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LaQuida Chancey, Innovative Advocate for the Homeless


By Patrick Slavin, UHI Communications Associate

At the Social Determinants of Health Symposium, the difference makers from Baltimore’s civil society were represented in force, including innovative homeless activist LaQuida Chancey, a Bunting Neighborhood Leadership Fellow.

“I want to be a catalyst of change,” Chancey said during an interview at her East Baltimore home. “I want Smalltimore Homes to be a stepping stone where the people we work with are thriving.” 

The founder and executive director of Smalltimore Homes, Chancey started the community-based organization in 2018 as a “side hustle” that became her full-time calling after her sister needed care with a medical issue and she left her career in computer science. Chancy, 40, holds degrees from Spellman College and Morgan State University.

Chancey was so moved by the plight of the homeless she came up with the idea of building mobile micro-shelters, small wood homes, around 70 square feet, that allow occupants to keep their possessions in a secure place. The homes can endure harsh weather conditions and the wheels allow for easy transport around the city. They’re also big enough to sleep in. Later she designed a roomier shelter, at 264 square feet, that’s also mobile and on wheels.

“Unfortunately, the City of Baltimore requires a home to be a minimum of 400 feet, so believe it or not the city currently considers our shelters to be motor vehicles,” Chancey said noting that part of her mission is to advocate and lobby elected officials for the human rights of the homeless.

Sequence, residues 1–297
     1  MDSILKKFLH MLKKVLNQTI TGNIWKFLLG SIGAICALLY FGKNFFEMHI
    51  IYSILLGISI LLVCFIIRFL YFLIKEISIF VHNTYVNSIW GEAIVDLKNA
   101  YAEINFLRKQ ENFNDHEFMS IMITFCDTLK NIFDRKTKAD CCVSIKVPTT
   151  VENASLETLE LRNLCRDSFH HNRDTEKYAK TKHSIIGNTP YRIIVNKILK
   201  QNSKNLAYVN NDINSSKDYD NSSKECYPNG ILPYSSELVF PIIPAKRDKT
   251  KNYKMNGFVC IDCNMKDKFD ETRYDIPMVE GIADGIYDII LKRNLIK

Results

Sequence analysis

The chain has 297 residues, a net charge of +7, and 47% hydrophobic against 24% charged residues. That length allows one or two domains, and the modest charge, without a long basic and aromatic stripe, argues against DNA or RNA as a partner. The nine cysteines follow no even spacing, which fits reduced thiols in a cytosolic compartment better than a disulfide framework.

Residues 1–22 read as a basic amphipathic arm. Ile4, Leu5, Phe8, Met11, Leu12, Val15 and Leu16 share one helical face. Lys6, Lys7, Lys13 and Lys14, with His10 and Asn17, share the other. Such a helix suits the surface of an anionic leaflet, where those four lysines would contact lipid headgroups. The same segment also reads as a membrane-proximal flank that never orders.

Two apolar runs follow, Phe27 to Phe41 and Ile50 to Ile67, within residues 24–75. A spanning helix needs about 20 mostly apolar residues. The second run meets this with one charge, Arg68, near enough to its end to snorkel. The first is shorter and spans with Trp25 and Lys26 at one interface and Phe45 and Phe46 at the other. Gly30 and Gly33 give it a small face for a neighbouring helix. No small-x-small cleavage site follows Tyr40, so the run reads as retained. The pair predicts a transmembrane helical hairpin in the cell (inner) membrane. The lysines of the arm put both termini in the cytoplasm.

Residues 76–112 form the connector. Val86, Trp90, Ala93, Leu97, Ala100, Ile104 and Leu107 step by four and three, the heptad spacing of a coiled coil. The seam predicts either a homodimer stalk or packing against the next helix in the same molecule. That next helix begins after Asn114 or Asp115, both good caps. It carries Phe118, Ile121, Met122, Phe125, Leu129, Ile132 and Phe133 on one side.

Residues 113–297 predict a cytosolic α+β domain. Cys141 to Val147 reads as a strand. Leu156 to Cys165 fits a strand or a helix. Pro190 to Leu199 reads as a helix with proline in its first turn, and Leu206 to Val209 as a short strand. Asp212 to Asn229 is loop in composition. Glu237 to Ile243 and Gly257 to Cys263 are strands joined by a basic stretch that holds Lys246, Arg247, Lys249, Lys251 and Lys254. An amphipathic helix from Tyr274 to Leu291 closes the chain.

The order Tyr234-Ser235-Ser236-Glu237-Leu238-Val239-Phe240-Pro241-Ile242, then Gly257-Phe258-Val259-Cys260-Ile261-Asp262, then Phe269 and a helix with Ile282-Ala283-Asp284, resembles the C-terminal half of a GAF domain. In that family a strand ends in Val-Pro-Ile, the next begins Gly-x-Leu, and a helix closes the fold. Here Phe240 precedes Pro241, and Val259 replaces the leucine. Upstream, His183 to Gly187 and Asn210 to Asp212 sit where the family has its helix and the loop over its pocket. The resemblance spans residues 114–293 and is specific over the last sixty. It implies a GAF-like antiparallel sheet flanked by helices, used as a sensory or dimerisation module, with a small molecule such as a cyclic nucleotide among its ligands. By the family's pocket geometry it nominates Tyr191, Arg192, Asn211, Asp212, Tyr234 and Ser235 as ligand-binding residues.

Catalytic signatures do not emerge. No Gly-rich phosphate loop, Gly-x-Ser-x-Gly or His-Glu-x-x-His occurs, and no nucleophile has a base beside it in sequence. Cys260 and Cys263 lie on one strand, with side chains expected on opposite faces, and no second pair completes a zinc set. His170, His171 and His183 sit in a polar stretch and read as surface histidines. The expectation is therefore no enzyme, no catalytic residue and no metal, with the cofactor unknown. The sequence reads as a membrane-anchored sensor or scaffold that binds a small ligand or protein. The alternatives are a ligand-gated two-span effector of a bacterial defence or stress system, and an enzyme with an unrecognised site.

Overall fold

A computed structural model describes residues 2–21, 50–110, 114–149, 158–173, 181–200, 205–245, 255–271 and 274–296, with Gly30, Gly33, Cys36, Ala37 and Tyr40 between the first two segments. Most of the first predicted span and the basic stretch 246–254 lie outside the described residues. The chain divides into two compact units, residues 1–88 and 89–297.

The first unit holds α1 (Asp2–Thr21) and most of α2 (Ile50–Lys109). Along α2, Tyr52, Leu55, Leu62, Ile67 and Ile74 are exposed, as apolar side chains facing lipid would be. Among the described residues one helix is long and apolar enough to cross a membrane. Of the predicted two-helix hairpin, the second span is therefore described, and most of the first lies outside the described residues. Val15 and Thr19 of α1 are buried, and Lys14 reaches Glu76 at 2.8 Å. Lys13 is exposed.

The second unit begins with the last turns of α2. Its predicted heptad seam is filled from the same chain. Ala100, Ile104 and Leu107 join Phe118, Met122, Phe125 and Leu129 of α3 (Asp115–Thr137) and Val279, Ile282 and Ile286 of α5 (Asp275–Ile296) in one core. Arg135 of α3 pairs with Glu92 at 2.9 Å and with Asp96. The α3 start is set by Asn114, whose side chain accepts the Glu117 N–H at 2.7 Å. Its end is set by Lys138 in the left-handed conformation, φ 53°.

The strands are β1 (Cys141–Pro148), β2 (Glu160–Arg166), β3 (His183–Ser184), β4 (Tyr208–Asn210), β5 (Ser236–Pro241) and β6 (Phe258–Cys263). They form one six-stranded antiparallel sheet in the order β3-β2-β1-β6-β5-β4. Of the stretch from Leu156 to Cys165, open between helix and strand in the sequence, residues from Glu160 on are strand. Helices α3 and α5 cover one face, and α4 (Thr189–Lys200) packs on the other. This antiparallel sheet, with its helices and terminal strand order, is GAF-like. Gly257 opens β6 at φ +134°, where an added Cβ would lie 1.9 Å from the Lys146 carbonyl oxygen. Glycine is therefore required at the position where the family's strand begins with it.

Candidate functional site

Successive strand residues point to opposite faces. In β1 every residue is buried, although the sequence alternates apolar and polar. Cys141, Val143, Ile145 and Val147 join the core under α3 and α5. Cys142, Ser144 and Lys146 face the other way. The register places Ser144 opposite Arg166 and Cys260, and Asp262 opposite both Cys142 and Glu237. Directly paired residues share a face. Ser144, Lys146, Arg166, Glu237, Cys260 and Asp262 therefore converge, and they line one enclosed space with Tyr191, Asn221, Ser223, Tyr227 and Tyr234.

“The most common request I get from a homeless person is for toilet paper, socks, and money. During COVID, peoples’ attitudes towards the homeless changed. Now it’s maybe not in my backyard, but across the street could work. People are more tolerant and understand how quickly you can become homeless and find yourself living in your car,” she said. “Working with the Bunting Neighborhood Leadership Fellows, I want to provide wrap-around services such as IDs, cellphones, and a skillset.”

Symposium participants can follow Chancey on Instagram.

Established in 2016, the Bunting Neighborhood Leadership Program is a one-of-a-kind initiative that aims to equip the next generation of Baltimore’s community activists with the knowledge, skills, and tools to be transformative leaders.? This year long fellowship from the Johns Hopkins Urban Health Institute:

  • Enhances the capacity of young, passionate Baltimore community advocates with the skills to help improve the trajectory of health in their communities.
  • Under the guidance of a community advisory board, identifies and works with engaged community leaders to serve as faculty.
  • Keeps authentic community voice at the center of the training.
  • Is a safe environment to be transparent and vulnerable and grow through peer support, reflective learning and faculty guidance.
  • Teaches from a structured curriculum that combines the history of Baltimore, theories on leadership and community development, research and policies, and evidence-based practice.